While I've been making coasters, Cheryl has been busy at her sewing machines. Using fabric scraps and remnants, she's started piecing together colorful handbags. I visited her craft room yesterday to take pictures; by the time I got home, she had already finished another bag!



Using fabric scraps, she was able to create a patchwork effect.

I think I'll keep this one for myself...

A green patchwork pattern.


Not all of the bags follow the patchwork pattern. Here are some of the other patterns and designs.


She makes sure the bags have a sturdy lining and each one is made with a pocket on the inside. Here's where all the magic happens - note how much fabric she still has to go through!






Monday, March 12, 2012

Tile Coasters


When I moved last year, I had trouble finding coasters for my house. I perused the local home goods stores but I couldn't find any coasters that I liked. After browsing the internet, I found this tutorial and tried it out; the coasters were a hit! All of my family members got a set for Christmas.

I've made several adjustments to the coaster-making process that are different from other tutorials I've seen. I've included my own directions below.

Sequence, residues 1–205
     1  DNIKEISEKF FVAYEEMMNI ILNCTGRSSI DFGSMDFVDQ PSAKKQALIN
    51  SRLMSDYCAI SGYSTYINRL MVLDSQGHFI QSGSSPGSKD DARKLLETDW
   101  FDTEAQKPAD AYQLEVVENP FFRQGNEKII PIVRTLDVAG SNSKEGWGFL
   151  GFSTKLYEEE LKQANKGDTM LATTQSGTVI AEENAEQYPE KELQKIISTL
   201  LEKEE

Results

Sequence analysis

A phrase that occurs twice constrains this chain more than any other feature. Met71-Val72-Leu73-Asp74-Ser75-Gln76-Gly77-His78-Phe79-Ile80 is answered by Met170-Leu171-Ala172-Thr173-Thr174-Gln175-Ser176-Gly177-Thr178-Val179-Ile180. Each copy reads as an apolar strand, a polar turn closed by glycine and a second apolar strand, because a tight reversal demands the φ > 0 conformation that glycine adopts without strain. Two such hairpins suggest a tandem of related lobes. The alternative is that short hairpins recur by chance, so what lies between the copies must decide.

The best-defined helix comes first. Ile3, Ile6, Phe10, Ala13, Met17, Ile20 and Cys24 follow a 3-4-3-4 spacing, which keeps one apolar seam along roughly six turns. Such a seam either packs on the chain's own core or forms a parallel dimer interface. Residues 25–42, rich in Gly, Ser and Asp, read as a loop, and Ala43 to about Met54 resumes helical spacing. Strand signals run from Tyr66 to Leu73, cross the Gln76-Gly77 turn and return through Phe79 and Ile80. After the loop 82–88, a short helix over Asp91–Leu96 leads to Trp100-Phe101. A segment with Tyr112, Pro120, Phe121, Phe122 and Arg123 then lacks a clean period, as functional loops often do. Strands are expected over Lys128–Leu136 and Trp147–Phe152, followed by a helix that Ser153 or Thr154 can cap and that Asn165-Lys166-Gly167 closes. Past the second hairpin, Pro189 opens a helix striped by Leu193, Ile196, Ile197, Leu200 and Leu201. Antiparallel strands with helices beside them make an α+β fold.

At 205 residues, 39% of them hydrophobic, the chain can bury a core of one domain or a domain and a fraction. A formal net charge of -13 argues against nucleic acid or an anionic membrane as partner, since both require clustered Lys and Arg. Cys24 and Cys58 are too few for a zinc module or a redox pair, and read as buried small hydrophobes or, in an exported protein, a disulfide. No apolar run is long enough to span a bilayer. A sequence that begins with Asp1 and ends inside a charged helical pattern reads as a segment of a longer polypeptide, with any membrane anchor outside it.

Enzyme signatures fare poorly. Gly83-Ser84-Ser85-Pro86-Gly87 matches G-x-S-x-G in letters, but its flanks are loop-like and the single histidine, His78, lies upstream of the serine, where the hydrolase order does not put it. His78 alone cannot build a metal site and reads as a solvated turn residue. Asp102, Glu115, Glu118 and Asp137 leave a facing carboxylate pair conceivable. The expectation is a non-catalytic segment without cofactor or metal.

Materials
  • Tiles - I started with white ones and have since ventured into other colors. The colored tiles tend to be a little more expensive, but they are still cheap.
  • Scrapbook paper
  • Mod Podge - I use the original matte, but there are many varieties.
  • Optional: Acrylic paint that matches your tiles (doesn't have to be the exact same color)
  • Brushes - one for the paint, one for the Mod Podge
  • Felt, or something else to line the bottoms. I used shelf liner for these, but I discovered later that sometimes the liner sticks to the tops of other coasters when they are stacked.
  • Scissors or paper cutter
  • Hot Glue

Step One (optional)
I'm a little bit of a neat freak. When I first started making coasters, it bugged me that sometimes, the sides were not evenly painted like the tops. Now, I paint the sides of the coasters with an identical color (see the black coasters) or a color that matches well.